On December 7, Jenner noticed the characteristic pink-purple “rose spots” of typhoid on the Prince Consort’s abdomen. The last piece of the jigsaw had slotted into place, and the diagnosis of typhoid was made.
There was a slight improvement from December 8-11, but on December 12 the fever, breathing difficulties and delirium returned with greater force and he coughed up a large quantity of mucus. On December 14, the fever intensified further, his hands and face began to darken (possibly a cyanosis from circulatory failure) and his breathing became more rapid. Just before 11pm, he died.
Can this have been a description of typhoid? The slow progress of the disease over three weeks is very characteristic. Likewise the sporadic delirium, rose spots, headache, coughing and progressive exhaustion are all typical symptoms.
Mid-19th century doctors had virtually no laboratory diagnostic resources and relied almost exclusively on observation of the patient. The first blood test for typhoid was not developed until 1896. In Albert’s case, the key sign was the rose spot rash.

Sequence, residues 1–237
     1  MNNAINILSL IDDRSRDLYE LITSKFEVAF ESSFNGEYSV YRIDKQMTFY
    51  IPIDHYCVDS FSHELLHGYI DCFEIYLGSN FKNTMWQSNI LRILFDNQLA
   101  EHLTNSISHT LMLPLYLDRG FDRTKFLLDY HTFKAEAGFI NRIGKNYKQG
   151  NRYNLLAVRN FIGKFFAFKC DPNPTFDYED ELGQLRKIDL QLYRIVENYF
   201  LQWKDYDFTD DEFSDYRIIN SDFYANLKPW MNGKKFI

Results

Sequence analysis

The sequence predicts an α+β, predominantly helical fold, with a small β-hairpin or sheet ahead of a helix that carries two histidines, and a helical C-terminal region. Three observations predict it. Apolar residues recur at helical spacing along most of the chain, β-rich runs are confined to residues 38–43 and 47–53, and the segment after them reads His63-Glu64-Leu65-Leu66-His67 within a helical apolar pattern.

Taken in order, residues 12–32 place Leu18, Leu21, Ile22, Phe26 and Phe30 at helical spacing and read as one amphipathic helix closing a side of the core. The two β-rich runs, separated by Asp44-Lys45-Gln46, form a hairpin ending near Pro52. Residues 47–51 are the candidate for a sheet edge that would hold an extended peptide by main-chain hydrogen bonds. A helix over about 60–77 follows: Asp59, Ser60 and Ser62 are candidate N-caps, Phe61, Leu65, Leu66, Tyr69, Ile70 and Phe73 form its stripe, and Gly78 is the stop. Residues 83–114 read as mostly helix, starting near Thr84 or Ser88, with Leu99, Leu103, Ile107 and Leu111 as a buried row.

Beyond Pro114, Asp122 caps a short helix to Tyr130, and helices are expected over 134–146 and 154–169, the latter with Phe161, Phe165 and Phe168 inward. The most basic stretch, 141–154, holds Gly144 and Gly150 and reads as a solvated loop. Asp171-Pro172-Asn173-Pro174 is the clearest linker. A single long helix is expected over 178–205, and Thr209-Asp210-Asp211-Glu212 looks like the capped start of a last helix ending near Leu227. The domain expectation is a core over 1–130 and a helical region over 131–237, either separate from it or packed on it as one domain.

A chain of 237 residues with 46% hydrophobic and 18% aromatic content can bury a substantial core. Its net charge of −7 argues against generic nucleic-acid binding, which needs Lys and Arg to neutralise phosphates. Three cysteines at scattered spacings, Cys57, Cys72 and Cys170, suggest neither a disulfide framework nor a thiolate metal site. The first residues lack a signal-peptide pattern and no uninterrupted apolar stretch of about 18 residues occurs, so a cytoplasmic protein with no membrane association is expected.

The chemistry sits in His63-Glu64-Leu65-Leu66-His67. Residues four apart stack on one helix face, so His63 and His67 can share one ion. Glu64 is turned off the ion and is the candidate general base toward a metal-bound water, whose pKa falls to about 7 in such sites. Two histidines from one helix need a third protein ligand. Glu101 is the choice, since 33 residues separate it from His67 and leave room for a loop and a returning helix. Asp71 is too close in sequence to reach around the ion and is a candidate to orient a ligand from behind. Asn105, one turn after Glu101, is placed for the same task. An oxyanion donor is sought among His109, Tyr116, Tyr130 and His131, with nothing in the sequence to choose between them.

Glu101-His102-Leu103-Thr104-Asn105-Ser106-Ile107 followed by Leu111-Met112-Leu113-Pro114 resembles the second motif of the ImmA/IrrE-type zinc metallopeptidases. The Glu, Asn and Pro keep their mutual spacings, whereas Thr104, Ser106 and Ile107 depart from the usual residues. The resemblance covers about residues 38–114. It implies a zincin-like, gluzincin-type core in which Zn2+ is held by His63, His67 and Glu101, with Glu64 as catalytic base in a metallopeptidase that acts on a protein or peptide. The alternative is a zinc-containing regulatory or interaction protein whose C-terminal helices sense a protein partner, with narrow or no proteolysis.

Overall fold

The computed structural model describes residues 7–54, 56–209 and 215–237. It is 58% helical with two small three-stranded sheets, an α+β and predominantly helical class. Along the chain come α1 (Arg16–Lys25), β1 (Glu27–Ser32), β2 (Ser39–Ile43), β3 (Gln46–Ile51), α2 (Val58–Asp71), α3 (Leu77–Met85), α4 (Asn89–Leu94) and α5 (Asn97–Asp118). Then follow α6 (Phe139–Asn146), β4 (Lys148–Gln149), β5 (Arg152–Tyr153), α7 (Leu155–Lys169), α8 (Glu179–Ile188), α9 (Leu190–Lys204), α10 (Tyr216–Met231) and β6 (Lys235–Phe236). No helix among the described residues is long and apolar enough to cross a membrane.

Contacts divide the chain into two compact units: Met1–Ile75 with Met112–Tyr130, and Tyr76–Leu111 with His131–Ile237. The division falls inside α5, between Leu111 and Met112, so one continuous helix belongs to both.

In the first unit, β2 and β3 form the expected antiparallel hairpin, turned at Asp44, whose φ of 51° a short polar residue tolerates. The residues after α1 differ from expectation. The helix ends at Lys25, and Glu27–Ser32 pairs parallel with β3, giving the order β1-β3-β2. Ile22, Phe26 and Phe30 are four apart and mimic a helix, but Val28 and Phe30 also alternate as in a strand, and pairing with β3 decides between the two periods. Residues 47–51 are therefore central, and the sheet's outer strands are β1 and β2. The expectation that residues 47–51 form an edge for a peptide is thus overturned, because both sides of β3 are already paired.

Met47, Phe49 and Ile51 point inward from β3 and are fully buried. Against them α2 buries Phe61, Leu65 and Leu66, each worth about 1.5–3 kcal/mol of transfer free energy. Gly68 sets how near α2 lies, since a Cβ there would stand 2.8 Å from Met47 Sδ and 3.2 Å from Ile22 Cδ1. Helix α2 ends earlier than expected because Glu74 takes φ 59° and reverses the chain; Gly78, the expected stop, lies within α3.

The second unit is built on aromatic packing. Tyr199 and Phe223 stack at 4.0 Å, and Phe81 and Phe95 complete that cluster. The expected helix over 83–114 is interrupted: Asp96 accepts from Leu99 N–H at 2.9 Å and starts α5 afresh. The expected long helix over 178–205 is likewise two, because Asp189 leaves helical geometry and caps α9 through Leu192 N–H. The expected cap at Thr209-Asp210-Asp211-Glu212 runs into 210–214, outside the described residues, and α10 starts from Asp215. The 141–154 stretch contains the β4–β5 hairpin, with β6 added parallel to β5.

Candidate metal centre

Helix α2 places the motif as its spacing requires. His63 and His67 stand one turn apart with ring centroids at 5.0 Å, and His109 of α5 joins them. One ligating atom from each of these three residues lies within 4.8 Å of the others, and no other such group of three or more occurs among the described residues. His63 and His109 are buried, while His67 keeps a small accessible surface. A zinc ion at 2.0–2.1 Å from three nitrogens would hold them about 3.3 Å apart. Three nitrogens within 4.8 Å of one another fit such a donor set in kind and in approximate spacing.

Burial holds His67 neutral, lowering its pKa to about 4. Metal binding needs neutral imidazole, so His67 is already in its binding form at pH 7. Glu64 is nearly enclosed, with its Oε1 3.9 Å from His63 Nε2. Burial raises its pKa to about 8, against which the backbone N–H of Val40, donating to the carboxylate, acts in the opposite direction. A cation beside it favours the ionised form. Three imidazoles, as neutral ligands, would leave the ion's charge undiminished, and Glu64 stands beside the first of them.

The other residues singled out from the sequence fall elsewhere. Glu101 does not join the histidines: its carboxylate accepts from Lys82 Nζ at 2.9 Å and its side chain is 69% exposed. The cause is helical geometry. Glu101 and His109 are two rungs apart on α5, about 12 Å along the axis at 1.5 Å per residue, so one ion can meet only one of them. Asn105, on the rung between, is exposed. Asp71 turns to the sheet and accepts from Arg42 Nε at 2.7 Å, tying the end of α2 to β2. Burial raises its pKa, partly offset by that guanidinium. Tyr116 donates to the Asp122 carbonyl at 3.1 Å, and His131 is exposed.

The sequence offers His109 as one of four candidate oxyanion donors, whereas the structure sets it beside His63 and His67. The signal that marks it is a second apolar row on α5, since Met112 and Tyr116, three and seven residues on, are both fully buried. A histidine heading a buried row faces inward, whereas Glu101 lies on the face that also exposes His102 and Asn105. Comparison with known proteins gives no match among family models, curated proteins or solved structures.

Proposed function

Infectious diseases often exhibit distinctive rashes or other skin lesion patterns – measles, chickenpox, smallpox, roseola, scarlet fever, syphilis, scabies, coxsackievirus, herpesvirus, Zika virus and papillomavirus as well as typhoid. Where the other symptoms are diffuse and general, it is often the rash that clinches things.
But if we accept Jenner’s observational experience and expertise in typhoid and agree with his diagnosis, the question then arises of when the Prince contracted it. Biographers who disagree with the typhoid theory often point to the fact that December 1861 was a relatively quiet time for the disease. There were no cases reported in any of the locations where Albert was to be found in the three weeks or so before his death – neither in Windsor, Cambridge nor Sandhurst. Albert was also eating virtually nothing at this time, also minimising the opportunities for typhoid transmission.